attend the whole event.
This Conference will be held under the Chatham House Rule in
order to enable frank and productive conversations.
In case you are unfamiliar with
Cumberland Lodge, the charity was founded in 1947 and seeks to empower people,
through dialogue and debate, to tackle the causes and effects of social
division. We convene multi-sector, interdisciplinary conferences, seminars and
panel debates to engage people of all ages, backgrounds and perspectives in
candid conversations on societal and ethical issues that affect us all. We
commission rigorous, interdisciplinary research to guide these conversations,
and we refine key themes of discussion into practical, policy-focused
recommendations. We actively involve young
people in all aspects of our work, to nurture their potential as future leaders
We are pleased to be able to offer
five bursaries for this conference, to support PhD students working in relevant
fields with the costs of travelling to and from Cumberland Lodge. All
conference costs, shared-accommodation and
meals will be provided.
To find out more about the conference and to download the
bursary application form, please visit our website.
The application form can be downloaded on the right-hand side of the
webpage. The deadline for applications is 12pm
on Monday 16 March 2020.
The following events and opportunities are available via the AHRC funded CHASE Doctoral Training Programme. All of the opportunities below are open to all Arts and Humanities PhD students at Birkbeck, regardless of whether they are funded or self-funded. If I could also draw your attention to a couple of calls for papers/participation that are currently open.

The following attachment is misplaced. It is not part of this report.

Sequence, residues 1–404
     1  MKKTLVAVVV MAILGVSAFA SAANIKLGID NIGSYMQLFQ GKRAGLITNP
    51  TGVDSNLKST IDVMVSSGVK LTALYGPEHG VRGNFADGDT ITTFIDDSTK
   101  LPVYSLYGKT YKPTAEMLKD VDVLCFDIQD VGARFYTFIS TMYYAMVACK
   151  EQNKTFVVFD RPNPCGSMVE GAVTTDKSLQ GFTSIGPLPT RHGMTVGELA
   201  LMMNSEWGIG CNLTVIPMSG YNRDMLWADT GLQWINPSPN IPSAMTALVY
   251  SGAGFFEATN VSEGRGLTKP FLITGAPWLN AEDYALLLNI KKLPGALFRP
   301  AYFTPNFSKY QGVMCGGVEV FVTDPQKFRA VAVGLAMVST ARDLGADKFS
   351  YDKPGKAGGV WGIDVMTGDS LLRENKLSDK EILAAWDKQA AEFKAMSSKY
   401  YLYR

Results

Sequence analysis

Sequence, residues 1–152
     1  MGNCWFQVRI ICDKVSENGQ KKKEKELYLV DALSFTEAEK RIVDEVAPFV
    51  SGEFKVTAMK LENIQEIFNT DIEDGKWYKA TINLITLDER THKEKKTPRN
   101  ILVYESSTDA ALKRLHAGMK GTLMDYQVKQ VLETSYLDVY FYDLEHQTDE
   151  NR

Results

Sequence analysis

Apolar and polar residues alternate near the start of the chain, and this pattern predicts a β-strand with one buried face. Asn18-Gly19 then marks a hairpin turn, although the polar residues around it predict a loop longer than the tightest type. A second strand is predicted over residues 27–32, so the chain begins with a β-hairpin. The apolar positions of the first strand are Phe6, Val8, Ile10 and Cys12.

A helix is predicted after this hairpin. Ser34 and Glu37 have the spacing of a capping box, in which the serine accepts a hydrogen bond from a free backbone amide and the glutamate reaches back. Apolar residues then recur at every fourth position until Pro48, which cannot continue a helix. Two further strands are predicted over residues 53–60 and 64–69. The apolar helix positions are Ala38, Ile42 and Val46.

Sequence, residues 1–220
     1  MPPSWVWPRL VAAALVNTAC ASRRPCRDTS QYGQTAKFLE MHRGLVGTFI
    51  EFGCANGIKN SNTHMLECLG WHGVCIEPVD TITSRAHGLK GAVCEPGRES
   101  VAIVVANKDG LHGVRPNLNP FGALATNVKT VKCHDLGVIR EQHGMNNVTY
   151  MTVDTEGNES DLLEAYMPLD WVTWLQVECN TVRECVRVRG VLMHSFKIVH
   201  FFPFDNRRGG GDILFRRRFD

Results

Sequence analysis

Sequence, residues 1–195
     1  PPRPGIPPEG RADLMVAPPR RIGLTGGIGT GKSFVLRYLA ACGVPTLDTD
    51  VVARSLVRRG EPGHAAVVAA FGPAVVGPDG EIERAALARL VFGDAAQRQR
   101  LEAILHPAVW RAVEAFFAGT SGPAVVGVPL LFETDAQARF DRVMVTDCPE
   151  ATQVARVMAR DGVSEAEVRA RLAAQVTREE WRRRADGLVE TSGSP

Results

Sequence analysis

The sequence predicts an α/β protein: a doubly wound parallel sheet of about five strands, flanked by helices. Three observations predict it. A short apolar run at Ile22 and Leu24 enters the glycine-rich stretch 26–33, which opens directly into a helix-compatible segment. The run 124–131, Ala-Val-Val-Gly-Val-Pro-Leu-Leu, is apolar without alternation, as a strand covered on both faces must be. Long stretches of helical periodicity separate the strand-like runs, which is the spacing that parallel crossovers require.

Journal recruiting members for next Editorial Board
Brief Encounters is currently recruiting the next Editorial Board to oversee the creation of issue 5 – see below press release:
Seaside, Ruin and De-Industrialisation on the Cleveland Coast
Friday 10th to sunday 12th of January
Following the critical excursion Beyond the Heartlands and building on themes of de-industrialisation, landscape and ruin, the ‘Space Place Time’ research collective are calling for participants for a two-day critical excursion to Redcar and Cleveland. Completed in 1846, the Middlesbrough and Redcar Railway hoped to attract tourism, but like much of the region, Redcar’s expansion came with the 1850 discovery of iron ore in the Eston area of the Cleveland Hills. The engine of Britain’s Industrial Revolution, Redcar was simultaneously home to a Victorian pleasure pier. The pier’s demolition in 1981 can be seen as an allegory of the decade’s slum, which saw the simultaneous decline of both industries.
The Frankfurt Exotic: broken objects and porous walls in Naples
Beginning of April (deadline to apply 15 Jan)
Following the critical excursion Re-mapping the Arcades
Project in Glasgow, and building on the field engagement with the work and
cities of Walter Benjamin, we are calling for participants in a critical
excursion in Naples: The Frankfurt Exotic: broken objects and porous walls in
Naples. This critical excursion will take place over 4 nights at the beginning
of April 2020 and will involve a series of workshops, walking tours and
screenings with the anticipated outcome of a publication recording
conversations, presentations, works in progress, creative responses and
Friday 17th of January (from 12:00) – Norfolk Heritage Centre
Saturday 18th January – Blickling Estate
The second of the CHASE DTP-funded Bookscapes workshops, offering PhD students advanced training in palaeographical, codicological and bibliographical skills, will take place on 17th-18th January 2020, hosted by the University of East Anglia and led by Tom Roebuck and Sophie Butler. At the Norfolk Heritage Centre, on day one of the workshop, attending students will have the opportunity to engage with the collections of the original Norwich City Library (founded in 1618). The workshop will move to Blickling Estate on the second day, where the students will focus on the techniques and history of bookbinding and the history of the book. The second day’s workshop will be led by Nicholas Pickwoad, one of the leading experts on bookbinding and an adviser to the National Trust on book conservation.